An advanced computing tip today on speedlighter…:
Have a Mac or UNIX-like computer? Then you can use a simple little command to synchronise disks. Let me explain.
I have two hard disks next to the Mac. Two 3TB disks (I just upgraded them). I work on one: all my images and Lightroom files and office admin files live there. Then I have the other.
Whenever I work, as soon as I am done on one and am sure it’s all good, I run the following command on my mac:
I.e. the following is the actual commands; the lines preceded by # are just comments:
rsync -a –verbose –progress –stats –delete /Volumes/MVW-3TB-1/Lightroom/ /Volumes/MVW-3TB-2/Lightroom/
rsync -a –verbose –progress –stats –delete /Volumes/MVW-3TB-1/MVW-Docs/ /Volumes/MVW-3TB-2/MVW-Docs/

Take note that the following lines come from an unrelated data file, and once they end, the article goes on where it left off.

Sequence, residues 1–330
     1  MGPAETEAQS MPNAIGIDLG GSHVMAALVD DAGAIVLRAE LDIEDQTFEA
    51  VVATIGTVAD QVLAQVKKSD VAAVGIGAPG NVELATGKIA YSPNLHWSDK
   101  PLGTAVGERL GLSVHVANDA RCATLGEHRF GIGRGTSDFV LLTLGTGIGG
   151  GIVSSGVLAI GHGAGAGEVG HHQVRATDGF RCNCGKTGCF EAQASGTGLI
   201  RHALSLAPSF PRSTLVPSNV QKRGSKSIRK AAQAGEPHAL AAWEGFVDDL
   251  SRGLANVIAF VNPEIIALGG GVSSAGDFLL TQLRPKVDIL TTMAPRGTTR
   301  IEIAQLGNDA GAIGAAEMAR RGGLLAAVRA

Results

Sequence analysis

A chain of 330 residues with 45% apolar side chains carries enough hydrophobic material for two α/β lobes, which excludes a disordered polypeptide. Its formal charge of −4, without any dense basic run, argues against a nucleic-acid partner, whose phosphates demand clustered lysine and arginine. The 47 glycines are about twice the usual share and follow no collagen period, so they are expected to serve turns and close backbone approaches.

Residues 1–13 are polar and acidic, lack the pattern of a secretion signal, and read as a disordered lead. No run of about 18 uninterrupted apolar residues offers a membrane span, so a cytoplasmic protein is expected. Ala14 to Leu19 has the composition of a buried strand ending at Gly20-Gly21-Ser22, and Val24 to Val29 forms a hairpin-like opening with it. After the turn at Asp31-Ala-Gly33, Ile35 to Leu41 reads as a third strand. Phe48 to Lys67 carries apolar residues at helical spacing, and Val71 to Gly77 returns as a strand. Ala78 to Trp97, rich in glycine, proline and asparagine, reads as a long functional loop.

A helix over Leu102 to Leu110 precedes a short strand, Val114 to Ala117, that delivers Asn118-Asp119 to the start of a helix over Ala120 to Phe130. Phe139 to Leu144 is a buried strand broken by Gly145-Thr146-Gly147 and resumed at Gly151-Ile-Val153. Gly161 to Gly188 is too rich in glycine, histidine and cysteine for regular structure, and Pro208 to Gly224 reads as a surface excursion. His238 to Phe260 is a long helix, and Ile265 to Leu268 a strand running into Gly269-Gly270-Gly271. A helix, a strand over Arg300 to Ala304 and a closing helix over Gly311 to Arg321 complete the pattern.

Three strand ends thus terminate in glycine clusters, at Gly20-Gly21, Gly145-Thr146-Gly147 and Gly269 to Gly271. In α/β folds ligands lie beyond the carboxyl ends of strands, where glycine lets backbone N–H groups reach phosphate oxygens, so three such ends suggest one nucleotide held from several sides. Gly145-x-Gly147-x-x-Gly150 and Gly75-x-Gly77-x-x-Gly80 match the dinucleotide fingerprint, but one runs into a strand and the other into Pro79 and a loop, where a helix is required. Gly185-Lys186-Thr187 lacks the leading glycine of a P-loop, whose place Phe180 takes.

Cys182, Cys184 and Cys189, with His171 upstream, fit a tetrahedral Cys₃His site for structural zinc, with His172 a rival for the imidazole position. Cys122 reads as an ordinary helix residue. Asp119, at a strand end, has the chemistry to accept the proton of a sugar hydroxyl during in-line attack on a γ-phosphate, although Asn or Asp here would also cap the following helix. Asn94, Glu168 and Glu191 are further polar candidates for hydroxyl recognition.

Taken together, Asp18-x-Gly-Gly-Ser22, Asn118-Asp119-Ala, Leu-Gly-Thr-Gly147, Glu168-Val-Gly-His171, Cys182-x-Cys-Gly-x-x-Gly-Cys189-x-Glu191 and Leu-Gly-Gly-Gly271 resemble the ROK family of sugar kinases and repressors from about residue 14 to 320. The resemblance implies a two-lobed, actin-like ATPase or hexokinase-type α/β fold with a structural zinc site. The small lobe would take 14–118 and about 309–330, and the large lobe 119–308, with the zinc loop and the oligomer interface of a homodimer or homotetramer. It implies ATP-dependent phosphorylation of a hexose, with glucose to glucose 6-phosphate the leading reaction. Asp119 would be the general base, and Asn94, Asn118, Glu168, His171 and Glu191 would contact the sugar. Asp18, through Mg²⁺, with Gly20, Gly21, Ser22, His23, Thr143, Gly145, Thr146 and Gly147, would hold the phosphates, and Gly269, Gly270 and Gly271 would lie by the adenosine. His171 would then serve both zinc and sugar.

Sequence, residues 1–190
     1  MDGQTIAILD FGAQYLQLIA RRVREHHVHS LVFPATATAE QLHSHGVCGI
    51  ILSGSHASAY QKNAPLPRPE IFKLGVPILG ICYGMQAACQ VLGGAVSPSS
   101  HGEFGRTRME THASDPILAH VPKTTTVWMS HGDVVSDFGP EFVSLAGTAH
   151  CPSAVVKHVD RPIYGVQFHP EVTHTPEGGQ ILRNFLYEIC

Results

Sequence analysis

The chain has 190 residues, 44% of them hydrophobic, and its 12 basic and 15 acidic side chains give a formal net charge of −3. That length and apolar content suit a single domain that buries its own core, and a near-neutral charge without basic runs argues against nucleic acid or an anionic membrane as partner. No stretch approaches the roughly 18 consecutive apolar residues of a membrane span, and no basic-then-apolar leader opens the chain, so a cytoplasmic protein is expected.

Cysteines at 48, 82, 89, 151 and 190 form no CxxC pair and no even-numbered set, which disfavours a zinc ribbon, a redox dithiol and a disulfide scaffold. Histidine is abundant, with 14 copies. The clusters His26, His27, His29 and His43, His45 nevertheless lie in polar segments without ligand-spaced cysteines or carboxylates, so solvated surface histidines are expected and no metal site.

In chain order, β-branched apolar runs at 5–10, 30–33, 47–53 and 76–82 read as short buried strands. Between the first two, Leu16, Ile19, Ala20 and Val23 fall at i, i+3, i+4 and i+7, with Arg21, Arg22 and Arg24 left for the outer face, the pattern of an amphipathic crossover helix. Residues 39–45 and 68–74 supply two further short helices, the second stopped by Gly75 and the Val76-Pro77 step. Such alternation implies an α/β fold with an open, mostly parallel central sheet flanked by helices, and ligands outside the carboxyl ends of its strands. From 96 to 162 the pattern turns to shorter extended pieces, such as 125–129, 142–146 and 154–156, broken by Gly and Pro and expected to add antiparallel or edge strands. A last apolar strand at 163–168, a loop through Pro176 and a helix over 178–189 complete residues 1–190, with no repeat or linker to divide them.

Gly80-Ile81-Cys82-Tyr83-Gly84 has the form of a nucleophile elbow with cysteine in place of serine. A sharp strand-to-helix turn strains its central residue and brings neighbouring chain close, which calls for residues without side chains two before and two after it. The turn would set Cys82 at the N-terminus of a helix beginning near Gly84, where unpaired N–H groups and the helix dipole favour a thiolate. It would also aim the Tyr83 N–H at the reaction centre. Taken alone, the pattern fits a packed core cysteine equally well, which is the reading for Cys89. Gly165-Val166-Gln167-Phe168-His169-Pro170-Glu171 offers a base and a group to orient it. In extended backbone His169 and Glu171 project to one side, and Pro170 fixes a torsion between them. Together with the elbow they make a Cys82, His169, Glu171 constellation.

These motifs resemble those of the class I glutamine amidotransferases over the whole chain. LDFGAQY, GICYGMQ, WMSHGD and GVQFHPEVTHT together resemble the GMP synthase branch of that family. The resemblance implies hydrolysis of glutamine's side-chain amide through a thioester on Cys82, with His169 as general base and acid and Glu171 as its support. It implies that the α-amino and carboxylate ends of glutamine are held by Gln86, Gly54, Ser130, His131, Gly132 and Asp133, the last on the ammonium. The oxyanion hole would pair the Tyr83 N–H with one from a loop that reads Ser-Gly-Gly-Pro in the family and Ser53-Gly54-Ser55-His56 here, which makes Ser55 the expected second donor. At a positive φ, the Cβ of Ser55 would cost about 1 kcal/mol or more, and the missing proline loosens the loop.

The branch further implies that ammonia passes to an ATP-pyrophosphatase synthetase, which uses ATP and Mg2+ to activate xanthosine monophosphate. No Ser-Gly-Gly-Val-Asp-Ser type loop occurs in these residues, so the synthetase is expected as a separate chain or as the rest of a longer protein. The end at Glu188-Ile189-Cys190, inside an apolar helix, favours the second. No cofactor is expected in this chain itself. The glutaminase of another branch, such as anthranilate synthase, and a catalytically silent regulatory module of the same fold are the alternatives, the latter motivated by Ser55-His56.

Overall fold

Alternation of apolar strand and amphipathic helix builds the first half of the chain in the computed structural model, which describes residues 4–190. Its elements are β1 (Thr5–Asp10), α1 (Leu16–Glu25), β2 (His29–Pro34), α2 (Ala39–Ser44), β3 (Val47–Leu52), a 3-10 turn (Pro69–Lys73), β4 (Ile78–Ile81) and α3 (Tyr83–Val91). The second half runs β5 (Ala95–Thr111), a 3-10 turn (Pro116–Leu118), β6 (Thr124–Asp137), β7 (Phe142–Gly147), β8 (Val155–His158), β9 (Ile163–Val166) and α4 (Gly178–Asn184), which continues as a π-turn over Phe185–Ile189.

rsync -a –verbose –progress –stats –delete /Volumes/MVW-3TB-1/Photos/ /Volumes/MVW-3TB-2/Photos/
The rsync command intelligently compares the two disks and adds anything to disk 2 that was added to, or changed on, disk 1, while deleting anything from disk 2 that was deleted on disk 1. A perfect backup in seconds (the first time can take a day of course, depending on how full your first disk is).
Using the nano text editor, I put these commands in a little text file called “syncdisks”, and I make that file executable using the chmod command (chmod 755 ./syncdisks). I then call that file by typing .syncdisks every time I want to run it.
I could automate further but this is good for me – and it shows the power of the command line, doesn’t it? Of course you would modify this to reflect the names of your disks and your folders to be copied.
(If this was all a bit techie for you, ignore this post and move on to tomorrow!)